New FM jazz station music to WNIU’s ears

By Fred Heuschel

WNIU is trying to secure a new FM jazz station.

Michael Lazar, WNIU general manager, said the radio station is close to getting a second FM license from the Federal Communication Commission. “There’s light at the end of the tunnel and we’re so much closer than before,” he said.

WNIU has tried to get a second FM band since 1983, but has encountered opposition from other stations competing for the frequency, Lazar said.

WNIU had secured the station, but a station from Chicago has made numerous appeals to the FCC decision, he said. The two stations are awaiting the FCC’s overdue decision on the most recent appeal, he said.

“This is their (the Chicago station’s) last possible appeal, and if they lose, it will be the third time they’ve been rejected. The only alternative they have left would be to file suit against us, and it would be a really silly suit,” Lazar said.

The previous failed appeals indicate that the current appeal by the opposition station will fail, and WNIU will get the construction permit, he said.

Although WNIU’s new home in the Palmer Building will be completed by October or November, the new station probably won’t go on the air until early 1991.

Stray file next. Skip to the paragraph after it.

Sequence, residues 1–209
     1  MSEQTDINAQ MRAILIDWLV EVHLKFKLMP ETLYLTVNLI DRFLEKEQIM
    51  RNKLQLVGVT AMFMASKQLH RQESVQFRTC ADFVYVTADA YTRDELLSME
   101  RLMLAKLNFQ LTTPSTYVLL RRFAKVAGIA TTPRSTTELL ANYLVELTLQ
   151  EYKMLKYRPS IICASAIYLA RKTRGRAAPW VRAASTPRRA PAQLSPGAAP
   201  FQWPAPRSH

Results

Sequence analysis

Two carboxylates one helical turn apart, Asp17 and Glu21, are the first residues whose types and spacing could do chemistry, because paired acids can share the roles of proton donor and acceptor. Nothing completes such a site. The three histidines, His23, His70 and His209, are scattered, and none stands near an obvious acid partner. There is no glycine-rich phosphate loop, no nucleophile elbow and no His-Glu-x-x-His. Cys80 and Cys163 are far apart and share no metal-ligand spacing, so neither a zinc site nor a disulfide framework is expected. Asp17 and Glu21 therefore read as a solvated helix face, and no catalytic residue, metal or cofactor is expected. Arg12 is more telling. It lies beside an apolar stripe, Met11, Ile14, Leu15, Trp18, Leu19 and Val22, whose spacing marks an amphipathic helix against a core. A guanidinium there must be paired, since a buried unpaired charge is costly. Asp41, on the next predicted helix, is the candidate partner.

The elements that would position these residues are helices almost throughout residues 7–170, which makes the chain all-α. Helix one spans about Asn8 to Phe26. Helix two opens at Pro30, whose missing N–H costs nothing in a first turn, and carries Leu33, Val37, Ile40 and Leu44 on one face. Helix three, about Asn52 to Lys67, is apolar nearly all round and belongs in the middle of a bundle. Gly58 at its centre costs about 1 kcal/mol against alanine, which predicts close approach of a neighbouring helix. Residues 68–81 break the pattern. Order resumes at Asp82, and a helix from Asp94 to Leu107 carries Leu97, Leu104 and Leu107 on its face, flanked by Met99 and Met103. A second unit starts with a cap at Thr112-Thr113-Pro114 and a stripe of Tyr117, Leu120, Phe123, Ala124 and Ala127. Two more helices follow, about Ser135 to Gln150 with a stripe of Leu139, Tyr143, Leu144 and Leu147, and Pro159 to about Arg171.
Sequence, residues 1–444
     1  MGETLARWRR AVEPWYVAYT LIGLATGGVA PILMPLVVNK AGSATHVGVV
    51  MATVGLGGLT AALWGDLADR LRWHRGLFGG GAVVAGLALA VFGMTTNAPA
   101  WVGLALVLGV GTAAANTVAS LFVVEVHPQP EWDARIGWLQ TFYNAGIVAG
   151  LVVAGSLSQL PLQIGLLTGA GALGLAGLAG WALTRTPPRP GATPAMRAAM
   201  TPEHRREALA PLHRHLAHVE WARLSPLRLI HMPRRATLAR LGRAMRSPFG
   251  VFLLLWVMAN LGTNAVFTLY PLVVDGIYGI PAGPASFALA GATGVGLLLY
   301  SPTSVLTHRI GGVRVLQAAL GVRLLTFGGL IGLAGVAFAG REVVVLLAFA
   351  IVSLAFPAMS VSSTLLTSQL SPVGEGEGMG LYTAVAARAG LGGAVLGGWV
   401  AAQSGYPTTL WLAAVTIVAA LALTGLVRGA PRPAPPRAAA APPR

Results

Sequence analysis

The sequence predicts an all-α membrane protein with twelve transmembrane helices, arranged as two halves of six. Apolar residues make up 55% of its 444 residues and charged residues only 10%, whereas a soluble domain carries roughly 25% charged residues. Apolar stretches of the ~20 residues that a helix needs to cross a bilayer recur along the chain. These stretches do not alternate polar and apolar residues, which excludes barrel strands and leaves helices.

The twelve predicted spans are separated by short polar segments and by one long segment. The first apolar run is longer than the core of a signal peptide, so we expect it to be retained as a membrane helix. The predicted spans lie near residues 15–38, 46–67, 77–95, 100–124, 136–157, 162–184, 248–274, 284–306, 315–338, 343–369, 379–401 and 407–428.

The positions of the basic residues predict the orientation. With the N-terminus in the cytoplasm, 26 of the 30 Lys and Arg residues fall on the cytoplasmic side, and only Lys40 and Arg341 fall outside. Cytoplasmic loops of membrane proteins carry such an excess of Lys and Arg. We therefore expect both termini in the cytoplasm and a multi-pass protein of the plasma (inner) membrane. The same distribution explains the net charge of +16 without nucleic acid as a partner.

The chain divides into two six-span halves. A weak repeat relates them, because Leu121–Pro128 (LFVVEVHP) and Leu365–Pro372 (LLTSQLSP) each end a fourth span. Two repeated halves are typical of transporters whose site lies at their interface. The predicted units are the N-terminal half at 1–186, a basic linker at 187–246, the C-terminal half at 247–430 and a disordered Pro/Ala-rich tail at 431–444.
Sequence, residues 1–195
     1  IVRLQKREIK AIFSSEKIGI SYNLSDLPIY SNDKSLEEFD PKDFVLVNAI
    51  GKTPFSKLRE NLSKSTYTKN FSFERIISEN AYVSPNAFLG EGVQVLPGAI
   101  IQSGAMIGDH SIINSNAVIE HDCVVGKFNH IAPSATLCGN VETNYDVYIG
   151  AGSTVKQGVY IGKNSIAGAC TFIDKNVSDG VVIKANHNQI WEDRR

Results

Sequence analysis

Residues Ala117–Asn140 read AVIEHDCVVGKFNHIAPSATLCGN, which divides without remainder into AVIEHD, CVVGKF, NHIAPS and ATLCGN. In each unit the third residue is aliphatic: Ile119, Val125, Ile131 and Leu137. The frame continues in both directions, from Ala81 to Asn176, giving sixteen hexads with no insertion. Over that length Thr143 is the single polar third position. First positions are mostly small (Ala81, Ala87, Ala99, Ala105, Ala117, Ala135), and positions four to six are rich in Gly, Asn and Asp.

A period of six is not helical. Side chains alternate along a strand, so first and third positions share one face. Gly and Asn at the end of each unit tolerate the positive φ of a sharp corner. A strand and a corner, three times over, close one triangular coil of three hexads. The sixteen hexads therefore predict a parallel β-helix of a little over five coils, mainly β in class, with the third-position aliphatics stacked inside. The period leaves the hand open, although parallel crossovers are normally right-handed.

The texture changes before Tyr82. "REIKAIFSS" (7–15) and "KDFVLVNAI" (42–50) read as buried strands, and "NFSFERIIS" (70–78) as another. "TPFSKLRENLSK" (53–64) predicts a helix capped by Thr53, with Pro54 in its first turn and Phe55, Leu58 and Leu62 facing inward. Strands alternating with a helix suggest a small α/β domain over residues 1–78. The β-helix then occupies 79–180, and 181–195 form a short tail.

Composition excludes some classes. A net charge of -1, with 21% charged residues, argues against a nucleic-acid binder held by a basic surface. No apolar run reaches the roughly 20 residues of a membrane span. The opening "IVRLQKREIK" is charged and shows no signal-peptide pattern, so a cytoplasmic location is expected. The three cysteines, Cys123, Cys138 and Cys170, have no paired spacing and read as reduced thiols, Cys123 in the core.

However, Lazar said, “Once we get approval for the station, we can begin dealing with funding. We’ve applied for funding from the U.S. Commerce Department. The grant recipients will be announced in August.”

The total cost of setting up the station will be about $600,000, which includes getting the tower, antenna, microwave unit, control room and production equipment in working order, he said.

The commerce grant would total half of the necessary money needed for the set-up, Lazar said.

“We would raise the other half of the money from a capitol campaign. We would go to businesses, corporations and individuals and ask them for contributions,” he said.

Lazar said the basic programming of the two stations would be very similiar to the jazz and classical programs of the current WNIU. “Essentialy we do three things at WNIU—classical, jazz and news. All we’d be doing is shifting news and jazz from one staion to another,” he said.

WNIU program director Tom Emmons said he would do the programming for both stations and has no intention of making radical change in style for either format. “We plan to build on the strength we have, rather than change anything,” he said.‘